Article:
From: a.ralph@xxxxxxxxxxxxxxxxxxxxxxx (tony ralph)
Date: Wed, 18 Oct 2000 14:33:13 +1100 (EST)
[message]...Hey Foucault scholars...any writings on what many have termed
"post-modern vertigo" - the state of disorientation that may result after
reading a lot of PoMo.
Thanks :) Nate Goralnik
Postmodern vertigo is not a virus or contaminant caught from subversive
texts, it is the crisis that emerges when the believer recognises that
their faith in modernity is a failure, the realisation that the tenets of
modernity* - continuity, progress, order, control - are really only
systems of faith that are imposed from outside on a world of disruption,
divergence, competition and conflict. A realisation that shatters the
believer who suddenly recognises themselves as a subversive text.
As this crisis of modernity errupts, the believer - including the closet
believer who so easily sheds their postmodern guise - is consumed by a
state of accelerating panic, so they turn back and reach for all that they
know to be stable and pure, for only this certainty they <desire> can bring
hope into their world, but at the same time they know too well that the
faith they are grasping now <hopelessly> for, is no longer there, and never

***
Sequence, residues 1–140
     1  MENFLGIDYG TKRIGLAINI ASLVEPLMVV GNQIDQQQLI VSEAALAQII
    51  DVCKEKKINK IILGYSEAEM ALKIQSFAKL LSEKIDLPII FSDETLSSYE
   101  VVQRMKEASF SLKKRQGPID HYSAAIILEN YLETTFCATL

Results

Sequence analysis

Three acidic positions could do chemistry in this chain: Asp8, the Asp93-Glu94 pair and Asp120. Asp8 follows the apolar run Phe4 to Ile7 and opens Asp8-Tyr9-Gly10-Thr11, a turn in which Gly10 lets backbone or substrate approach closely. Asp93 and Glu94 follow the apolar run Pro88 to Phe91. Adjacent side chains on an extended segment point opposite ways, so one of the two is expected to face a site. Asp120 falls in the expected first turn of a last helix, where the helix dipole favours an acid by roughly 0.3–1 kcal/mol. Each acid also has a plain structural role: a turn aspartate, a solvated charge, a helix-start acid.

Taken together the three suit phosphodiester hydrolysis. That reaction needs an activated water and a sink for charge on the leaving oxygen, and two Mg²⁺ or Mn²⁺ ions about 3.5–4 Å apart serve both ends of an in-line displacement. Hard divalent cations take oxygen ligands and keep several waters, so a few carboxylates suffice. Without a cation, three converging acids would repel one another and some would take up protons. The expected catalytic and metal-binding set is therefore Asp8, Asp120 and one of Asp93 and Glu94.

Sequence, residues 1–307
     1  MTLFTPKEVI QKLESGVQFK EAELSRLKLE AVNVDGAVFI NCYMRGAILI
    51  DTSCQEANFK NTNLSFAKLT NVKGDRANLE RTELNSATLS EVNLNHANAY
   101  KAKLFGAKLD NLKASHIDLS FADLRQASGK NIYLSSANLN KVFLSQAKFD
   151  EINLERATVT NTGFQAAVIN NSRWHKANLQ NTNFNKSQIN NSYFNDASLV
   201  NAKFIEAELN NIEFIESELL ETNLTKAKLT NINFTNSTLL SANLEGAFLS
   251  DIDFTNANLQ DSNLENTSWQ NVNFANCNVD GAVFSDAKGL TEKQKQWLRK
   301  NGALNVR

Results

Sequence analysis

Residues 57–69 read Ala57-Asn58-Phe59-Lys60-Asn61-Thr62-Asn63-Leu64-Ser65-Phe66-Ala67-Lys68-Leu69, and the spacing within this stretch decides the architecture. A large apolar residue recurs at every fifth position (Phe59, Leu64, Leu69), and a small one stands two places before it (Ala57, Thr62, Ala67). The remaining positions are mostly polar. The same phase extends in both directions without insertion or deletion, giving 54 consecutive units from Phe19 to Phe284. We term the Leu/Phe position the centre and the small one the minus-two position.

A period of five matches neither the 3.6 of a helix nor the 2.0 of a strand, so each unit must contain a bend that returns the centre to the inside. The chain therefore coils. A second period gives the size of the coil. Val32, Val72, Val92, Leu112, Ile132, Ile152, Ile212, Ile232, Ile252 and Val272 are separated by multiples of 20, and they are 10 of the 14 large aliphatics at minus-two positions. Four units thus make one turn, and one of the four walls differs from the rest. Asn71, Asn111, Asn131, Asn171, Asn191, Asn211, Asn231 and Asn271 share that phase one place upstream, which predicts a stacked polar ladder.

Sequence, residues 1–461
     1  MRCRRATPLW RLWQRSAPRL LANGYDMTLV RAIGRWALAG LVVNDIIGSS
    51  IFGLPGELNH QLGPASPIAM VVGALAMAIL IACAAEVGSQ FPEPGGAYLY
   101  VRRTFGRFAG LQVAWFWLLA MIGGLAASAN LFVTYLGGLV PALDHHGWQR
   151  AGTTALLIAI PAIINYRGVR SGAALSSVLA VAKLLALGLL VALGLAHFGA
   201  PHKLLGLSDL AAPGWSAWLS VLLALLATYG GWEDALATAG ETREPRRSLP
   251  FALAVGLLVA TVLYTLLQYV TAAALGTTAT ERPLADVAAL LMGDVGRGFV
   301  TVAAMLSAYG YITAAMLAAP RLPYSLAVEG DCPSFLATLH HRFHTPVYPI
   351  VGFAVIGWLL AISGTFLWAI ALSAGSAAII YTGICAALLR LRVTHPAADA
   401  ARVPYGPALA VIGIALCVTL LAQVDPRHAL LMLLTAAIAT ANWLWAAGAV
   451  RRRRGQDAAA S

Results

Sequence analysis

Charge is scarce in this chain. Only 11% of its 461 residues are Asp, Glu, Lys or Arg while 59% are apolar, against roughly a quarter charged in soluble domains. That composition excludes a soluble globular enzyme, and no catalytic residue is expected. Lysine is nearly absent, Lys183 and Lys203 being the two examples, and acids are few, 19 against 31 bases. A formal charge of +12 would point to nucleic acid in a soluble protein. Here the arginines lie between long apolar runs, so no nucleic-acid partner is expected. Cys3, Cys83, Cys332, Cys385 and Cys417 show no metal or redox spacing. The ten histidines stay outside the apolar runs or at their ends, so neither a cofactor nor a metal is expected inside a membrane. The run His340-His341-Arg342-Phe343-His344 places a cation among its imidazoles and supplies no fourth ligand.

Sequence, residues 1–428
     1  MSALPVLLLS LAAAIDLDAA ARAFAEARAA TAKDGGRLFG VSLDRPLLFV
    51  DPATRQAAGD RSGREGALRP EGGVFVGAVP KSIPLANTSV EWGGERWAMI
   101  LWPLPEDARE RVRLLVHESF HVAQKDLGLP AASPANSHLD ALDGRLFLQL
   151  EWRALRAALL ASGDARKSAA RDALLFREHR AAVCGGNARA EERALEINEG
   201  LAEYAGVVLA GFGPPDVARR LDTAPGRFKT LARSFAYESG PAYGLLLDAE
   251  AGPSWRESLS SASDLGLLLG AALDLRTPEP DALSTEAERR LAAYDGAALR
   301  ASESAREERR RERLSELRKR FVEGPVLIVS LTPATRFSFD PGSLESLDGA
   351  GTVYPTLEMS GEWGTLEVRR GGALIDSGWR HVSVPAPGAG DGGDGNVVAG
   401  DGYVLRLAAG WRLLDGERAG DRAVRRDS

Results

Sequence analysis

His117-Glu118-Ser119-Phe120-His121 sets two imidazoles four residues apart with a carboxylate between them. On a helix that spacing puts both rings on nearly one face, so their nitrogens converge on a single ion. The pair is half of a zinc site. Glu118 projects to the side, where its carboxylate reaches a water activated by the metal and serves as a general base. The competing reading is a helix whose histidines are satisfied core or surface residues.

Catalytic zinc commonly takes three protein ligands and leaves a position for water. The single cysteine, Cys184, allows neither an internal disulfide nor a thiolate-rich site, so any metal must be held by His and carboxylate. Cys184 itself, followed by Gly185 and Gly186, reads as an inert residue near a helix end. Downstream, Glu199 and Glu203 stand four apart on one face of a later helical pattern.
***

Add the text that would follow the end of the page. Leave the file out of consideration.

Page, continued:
And in this state of pure panic, the believer stands mute, arms
outstretched towards this illusion that now betrays them, a vertigo
overwhelms them, terror tears at their vision, and crying "oh god" they
fall backwards into this thing they call the void, into this thing they
call nihilism, and experience postmodern vertigo, or the crisis of
modernity, this vertigo that only infects true believers - the socialist,
capitalist and the devout, who face the world (the postmodern), who witness
the failure (of modernity), and who regardlessly adhere to their faith**.
* the tenets are preferred and proffered by the pious, the orthodox, the
traders (the economie), and the radicals (the academie) alike.
** a faith so strong that in exposing modernity it can only use words like
disintegration, disillusion and chaos, and phrases like the collapse of
reason and the decent into barbarism.
Maybe "Panic Encyclopaedia" Arthur and Marilouise Kroker or some of their
or "Death at the Parasite Cafe" Stephen Pfohl